Gold futures settled lower on Wednesday, with the sharpest daily drop in more than two weeks pulling prices back below the $1,800-an-ounce mark for the first time in three sessions.
Gold and silver prices were trading “on routine downside corrections after recent gains,” said Jim Wyckoff, senior analyst at Kitco.com. “Keener risk” sentiment recently is a “bearish element for the safe-haven metals,” he said.
Against that backdrop, December gold
fell $17.50, or 1%, to settle at $1,791 an ounce, losing its grip on the level of $1,800, after rising 0.1% on Tuesday. Prices for the most active contract posted their biggest one-day percentage decline since Aug. 9, FactSet data show.
Silver for September delivery
ended 12 cents, or 0.5%, lower at nearly $23.78 an ounce, following a 1% rise on Tuesday.
“Given how the precious metal remains highly sensitive to [Federal Reserve] taper talk, the next few days promise to be eventful,” Lukman Otunuga, manager, market analysis at FXTM, told MarketWatch.
Metals traders await the annual Jackson Hole central bankers monetary-policy symposium where Fed Chairman Jerome Powell on Friday may indicate that the central bank will slow monthly purchases of Treasurys and mortgage-backed securities, which could influence gold buying.
A dovish Powell who “fails to provide the tapering roadmap could hit the dollar, ultimately injecting gold bugs with renewed confidence, while a formal announcement on tapering could “deal a heavy blow to gold as the dollar rallies,” said Otunuga.
Early Wednesday, Naeem Aslam, chief market analyst, attributed the recent surge in gold prices to a “downturn in economic activity, which has led traders to believe that the central bank’s stimulus tapering may be delayed in order to provide more support to the U.S. economy.”
The U.S. government on Tuesday reported that orders for long-lasting goods fell 0.1% last month, for the second time in 15 months.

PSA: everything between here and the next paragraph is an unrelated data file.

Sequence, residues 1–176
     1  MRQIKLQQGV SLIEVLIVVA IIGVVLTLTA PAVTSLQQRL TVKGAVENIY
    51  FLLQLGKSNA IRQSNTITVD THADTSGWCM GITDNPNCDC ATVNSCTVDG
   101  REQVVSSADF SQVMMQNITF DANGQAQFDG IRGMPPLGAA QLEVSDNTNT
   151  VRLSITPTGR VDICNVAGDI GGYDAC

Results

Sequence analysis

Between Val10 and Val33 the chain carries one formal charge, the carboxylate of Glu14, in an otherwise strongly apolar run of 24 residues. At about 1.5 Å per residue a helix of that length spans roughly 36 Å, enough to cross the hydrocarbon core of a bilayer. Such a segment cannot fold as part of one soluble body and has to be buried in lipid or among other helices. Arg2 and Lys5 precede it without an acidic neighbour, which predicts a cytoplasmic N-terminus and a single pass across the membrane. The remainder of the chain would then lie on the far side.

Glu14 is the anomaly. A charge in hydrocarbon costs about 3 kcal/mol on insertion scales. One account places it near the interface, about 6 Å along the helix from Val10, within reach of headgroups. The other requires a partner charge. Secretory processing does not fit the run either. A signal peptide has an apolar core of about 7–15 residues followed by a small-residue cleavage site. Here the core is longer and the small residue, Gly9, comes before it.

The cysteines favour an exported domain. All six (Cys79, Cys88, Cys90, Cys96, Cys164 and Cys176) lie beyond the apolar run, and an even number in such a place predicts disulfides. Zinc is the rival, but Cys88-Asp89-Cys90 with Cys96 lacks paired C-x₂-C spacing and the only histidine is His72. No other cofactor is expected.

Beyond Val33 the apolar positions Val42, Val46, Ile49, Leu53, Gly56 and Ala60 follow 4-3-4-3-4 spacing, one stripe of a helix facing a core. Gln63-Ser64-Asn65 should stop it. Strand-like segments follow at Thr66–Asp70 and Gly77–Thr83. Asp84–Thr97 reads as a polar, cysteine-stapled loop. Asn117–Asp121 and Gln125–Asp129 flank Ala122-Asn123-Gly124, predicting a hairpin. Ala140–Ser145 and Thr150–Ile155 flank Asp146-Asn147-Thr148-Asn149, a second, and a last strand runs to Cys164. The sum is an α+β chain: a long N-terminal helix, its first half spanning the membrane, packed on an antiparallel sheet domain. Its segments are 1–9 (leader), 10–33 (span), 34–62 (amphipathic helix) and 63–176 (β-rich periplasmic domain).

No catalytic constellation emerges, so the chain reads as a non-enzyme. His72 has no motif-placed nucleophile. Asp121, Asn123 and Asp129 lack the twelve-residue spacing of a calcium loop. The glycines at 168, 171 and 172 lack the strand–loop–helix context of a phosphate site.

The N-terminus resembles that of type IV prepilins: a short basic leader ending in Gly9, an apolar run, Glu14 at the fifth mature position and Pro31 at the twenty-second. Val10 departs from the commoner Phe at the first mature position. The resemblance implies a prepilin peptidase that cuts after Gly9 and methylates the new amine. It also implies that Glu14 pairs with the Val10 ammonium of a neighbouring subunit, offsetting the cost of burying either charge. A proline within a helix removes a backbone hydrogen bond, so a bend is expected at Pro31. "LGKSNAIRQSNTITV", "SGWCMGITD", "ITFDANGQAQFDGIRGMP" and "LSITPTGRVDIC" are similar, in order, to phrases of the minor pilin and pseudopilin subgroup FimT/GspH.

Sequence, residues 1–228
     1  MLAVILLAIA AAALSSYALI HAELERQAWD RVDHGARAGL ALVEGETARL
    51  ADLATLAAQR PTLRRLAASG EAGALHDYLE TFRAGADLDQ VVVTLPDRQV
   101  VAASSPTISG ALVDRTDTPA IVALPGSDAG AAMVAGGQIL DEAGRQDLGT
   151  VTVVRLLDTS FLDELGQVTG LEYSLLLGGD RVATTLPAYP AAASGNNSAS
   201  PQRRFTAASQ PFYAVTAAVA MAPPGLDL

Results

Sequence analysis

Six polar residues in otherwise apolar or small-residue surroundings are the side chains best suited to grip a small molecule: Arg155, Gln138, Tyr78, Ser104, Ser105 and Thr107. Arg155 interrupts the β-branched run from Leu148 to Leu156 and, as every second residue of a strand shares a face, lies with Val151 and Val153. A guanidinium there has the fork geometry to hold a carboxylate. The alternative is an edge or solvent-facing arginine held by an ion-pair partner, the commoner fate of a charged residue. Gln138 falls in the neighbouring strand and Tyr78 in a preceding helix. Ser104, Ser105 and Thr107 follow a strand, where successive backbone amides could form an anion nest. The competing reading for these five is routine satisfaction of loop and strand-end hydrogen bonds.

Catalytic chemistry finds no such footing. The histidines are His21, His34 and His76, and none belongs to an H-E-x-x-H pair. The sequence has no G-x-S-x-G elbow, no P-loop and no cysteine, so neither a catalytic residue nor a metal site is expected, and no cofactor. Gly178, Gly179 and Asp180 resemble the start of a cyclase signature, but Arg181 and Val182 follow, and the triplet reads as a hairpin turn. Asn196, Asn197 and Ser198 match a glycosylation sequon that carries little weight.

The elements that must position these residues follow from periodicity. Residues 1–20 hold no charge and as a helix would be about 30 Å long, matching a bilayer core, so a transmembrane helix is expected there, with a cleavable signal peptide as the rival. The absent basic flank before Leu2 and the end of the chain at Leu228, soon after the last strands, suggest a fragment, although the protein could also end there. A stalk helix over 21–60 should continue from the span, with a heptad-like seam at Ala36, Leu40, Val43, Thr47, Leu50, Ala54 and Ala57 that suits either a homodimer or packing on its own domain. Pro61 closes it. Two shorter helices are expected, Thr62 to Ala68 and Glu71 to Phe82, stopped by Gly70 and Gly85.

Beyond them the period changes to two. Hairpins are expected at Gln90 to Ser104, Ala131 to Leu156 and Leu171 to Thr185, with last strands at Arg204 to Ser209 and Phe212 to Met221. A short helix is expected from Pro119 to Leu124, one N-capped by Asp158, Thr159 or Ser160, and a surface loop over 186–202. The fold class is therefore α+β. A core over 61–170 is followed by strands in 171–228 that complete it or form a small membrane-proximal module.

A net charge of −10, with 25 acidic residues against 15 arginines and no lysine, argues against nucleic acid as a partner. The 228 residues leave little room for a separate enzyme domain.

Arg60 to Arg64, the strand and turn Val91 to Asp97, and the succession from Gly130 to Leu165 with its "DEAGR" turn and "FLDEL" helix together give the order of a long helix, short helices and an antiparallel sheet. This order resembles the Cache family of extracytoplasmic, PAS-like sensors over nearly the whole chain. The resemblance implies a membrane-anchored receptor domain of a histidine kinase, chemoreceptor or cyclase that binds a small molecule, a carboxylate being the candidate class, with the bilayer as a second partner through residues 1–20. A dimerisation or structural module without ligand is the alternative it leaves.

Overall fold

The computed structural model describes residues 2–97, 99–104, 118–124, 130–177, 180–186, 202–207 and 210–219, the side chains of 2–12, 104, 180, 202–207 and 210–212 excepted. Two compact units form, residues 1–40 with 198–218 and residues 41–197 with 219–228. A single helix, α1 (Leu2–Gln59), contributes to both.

For now, commodity experts said that gold may be wedged in between a short-term moving average at $1,793.33 an ounce and its 200-day MA at $1,812.59, with the latter serving as resistance, as investors see more opportunity in stocks rather than safe-haven assets like gold and bonds.
“And that’s exactly what prevents gold from gaining above the $1800 per ounce. Stocks are too appetizing, too prosperous for investors to sit on gold,” wrote Ipek Ozkardeskaya, senior analyst at Swissquote, in a daily note.
“The topside in gold should remain limited, as long as we see the US equities claiming new records,” the analyst wrote.
The slump for bullion also comes as the dollar, as gauged by the ICE U.S. Dollar Index, was up 0.1%, though it is on track for a weekly retreat of 0.6%. On top of that, the 10-year Treasury note BX:TMUBMUSD10Y was at around 1.347%, representing a roughly two-week high.
A stronger dollar can make dollar-pegged bullion relatively expensive to overseas buyers, while rising yields can make government debt more appealing to those seeking assets perceived as havens.
Among other Comex metals, September copper
tacked on 0.2% to $4.27 a pound. October platinum
fell 1.6% to $993.50 an ounce, while September palladium
settled at $2,430.70 an ounce, down 0.5%.